LONDON (Nov. 14)
Holocaust denier David Irving emerges unrepentant in a BBC radio documentary that explores the legal strategy scholar Deborah Lipstadt employed when he sued her for libel last year.
The 45-minute program, broadcast on Nov. 8, contains interviews with all the major players in the landmark trial, which Irving lost.
Lipstadt’s lawyers describe how their case rested on proving that Lipstadt had been correct to label Irving a Holocaust denier in her 1994 book, “Denying the Holocaust: The Growing Assault on Truth and Memory.”
They subpoenaed his diaries and appointment books in order to demonstrate that he was an anti-Semite who spoke at neo-Nazi events, and they had an expert witness demolish his books as “falsifications” that “can only really be deliberate.”
“Putting Irving’s books on trial was the strategy,” lawyer Anthony Julius explained.
Irving — who represented himself — tells the BBC that he never grasped that.
He describes the judge, Sir Charles Gray, as too “thick-skulled” to understand his case.
“There were occasions when I could see he was not getting the point I was extracting from the witness,” he told the BBC.
There are times in the program when Irving seems to be out to prove the truth of the judge’s verdict last year, when Gray labeled him a racist anti-Semite who had deliberately distorted history.
“Lipstadt is part of an international conspiracy to silence me,” Irving claimed.
He also said he was “not surprised that the Jews go on about the Holocaust, because it’s the only interesting thing that’s happened to them in 3,000 years.”
Criticizing Gray’s sweeping verdict as “so over the top that it missed its effect,” Irving said, “It’s lucky the twin towers hadn’t been shot down by then, or I would have been blamed for that too.”
Lawyer Richard Rampton, who represented Lipstadt, told JTA that at first he was concerned that the program gives Irving too much air time.
But after talking to people who heard the program, he said Irving said “just enough to bury himself. Each sentence made his hole deeper.”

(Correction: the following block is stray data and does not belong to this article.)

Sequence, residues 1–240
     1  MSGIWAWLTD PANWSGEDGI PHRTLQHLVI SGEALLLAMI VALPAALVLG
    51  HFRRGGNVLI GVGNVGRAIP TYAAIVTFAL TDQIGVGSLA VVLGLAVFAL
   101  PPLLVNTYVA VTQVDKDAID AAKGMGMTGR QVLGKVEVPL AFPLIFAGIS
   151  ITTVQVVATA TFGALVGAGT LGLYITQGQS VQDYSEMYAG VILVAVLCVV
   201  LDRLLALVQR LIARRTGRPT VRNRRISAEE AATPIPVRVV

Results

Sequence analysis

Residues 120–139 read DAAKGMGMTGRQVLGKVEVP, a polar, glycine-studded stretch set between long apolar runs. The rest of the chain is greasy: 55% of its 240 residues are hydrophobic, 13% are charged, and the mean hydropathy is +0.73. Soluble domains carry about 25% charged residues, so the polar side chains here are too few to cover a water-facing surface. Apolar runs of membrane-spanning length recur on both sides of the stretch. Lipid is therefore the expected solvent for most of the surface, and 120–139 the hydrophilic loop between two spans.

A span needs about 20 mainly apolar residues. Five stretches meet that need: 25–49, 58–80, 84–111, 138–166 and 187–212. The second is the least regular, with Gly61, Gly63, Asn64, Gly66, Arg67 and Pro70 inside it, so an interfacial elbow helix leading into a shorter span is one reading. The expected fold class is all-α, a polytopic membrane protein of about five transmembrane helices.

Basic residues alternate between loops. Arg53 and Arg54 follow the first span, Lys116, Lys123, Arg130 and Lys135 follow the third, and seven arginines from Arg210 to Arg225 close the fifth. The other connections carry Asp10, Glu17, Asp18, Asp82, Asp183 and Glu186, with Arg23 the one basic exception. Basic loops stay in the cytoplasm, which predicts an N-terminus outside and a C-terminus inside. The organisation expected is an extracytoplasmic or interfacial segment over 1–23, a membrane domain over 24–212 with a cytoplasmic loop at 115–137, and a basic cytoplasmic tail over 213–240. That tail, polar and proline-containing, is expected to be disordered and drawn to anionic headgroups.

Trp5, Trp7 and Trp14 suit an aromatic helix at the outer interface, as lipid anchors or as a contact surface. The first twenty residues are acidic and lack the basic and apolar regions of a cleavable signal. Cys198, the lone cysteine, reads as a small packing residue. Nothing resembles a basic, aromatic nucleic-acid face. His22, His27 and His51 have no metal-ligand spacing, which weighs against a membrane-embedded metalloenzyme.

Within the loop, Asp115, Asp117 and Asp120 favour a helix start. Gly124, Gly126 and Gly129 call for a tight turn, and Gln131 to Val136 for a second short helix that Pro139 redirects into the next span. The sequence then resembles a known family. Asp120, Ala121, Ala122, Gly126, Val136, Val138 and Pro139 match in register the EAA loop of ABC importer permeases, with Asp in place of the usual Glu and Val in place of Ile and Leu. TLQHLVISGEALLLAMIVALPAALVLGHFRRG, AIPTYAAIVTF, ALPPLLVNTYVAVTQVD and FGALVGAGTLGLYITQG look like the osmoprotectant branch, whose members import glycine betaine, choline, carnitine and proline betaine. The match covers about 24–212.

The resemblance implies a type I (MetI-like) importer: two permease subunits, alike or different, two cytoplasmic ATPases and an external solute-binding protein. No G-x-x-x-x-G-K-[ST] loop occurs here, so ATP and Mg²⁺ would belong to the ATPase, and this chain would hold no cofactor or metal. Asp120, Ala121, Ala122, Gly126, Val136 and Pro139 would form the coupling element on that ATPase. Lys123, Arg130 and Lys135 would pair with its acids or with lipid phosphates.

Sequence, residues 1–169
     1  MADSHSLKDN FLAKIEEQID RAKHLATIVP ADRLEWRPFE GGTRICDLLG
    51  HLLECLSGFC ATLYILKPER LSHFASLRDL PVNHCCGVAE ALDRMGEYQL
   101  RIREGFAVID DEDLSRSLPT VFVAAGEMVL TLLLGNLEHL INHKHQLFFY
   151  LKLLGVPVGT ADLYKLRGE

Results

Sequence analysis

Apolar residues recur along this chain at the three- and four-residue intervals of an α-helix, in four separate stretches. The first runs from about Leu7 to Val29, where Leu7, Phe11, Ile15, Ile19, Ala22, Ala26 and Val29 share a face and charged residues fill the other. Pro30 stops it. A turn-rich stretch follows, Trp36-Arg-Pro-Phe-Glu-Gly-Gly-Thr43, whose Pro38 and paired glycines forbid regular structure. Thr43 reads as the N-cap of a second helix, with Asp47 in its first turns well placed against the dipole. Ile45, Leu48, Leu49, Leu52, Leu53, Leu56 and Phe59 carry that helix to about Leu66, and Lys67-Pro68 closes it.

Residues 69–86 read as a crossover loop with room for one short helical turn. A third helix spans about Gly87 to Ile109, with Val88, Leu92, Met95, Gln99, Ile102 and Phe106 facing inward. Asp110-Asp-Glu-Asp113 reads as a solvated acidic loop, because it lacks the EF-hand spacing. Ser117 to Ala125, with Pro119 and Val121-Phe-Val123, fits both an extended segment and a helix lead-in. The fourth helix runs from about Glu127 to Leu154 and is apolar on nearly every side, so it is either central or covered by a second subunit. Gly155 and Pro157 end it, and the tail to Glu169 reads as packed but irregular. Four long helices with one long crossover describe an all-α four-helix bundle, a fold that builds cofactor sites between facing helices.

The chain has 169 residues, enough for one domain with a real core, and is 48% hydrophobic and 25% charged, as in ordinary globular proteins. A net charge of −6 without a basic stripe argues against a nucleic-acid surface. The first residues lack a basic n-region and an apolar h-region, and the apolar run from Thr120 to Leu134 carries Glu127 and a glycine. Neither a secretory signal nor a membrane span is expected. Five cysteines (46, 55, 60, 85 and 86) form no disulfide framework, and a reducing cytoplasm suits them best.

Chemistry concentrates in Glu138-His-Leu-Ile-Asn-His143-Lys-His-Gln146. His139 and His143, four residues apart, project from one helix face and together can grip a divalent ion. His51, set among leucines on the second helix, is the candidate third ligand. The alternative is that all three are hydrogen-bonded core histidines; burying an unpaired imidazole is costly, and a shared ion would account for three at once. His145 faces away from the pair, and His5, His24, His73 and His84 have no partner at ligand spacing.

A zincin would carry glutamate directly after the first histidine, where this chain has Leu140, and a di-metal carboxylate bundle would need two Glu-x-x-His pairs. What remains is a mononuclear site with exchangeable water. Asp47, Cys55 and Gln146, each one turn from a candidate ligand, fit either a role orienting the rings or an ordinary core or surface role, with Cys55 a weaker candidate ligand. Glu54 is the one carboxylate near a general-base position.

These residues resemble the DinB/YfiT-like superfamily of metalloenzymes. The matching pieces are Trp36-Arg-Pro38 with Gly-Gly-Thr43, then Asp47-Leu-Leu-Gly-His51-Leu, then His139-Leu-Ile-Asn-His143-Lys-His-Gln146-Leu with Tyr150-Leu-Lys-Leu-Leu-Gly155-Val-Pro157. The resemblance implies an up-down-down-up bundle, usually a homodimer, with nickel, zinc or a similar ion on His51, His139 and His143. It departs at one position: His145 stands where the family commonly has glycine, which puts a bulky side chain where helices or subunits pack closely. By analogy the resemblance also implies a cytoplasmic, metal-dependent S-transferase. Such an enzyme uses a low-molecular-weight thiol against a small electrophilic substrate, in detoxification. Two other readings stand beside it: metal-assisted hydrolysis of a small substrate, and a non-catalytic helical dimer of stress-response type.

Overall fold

Julius said there is no danger in letting Irving speak in a forum like the documentary.
“The people who are impressed with Irving will continue to be, and those who are not will not be,” he said.
Irving, on a speaking tour in the United States, was not available for comment.
Rampton said Irving was not harmed by representing himself.
“Getting him a lawyer wouldn’t have made any difference,” he told JTA.
“A good lawyer would have told him he was dead in the water” and advised him to drop the case, Rampton said.
“You can’t win a case if you’re firing blanks. You need ammunition, and he didn’t have any,” he added.
Rampton described the documentary as “illuminating” and praised Lipstadt’s participation in the program.
“I worry when she goes public because she’s so passionate,” he said. “But I thought she was extraordinarily good, intensely moving.”
The American scholar broke down when she told the BBC of meeting a Holocaust survivor who remembered a man from Hamburg nicknamed “Handlebar” Lipstadt because of his mustache.
The survivor, who met Lipstadt during the trial, asked her if she was related to the man he remembered from his childhood.
On the verge of tears, she told the BBC that “Handlebar” was her grandfather, Gustav, whom she never knew.
Lipstadt, who never took the stand herself during the trial, said she had wanted to do so: “I was sorry I couldn’t go into the witness box because I could have bested” Irving.
Rampton said there had been no need for Lipstadt to give evidence.
“The question is whether what she wrote when she wrote it is true or not, and she’s not necessary for that,” he said.
When the verdict came down last year, Irving was ordered to pay Lipstadt’s legal costs, estimated at more than $3 million. He has been denied permission to appeal.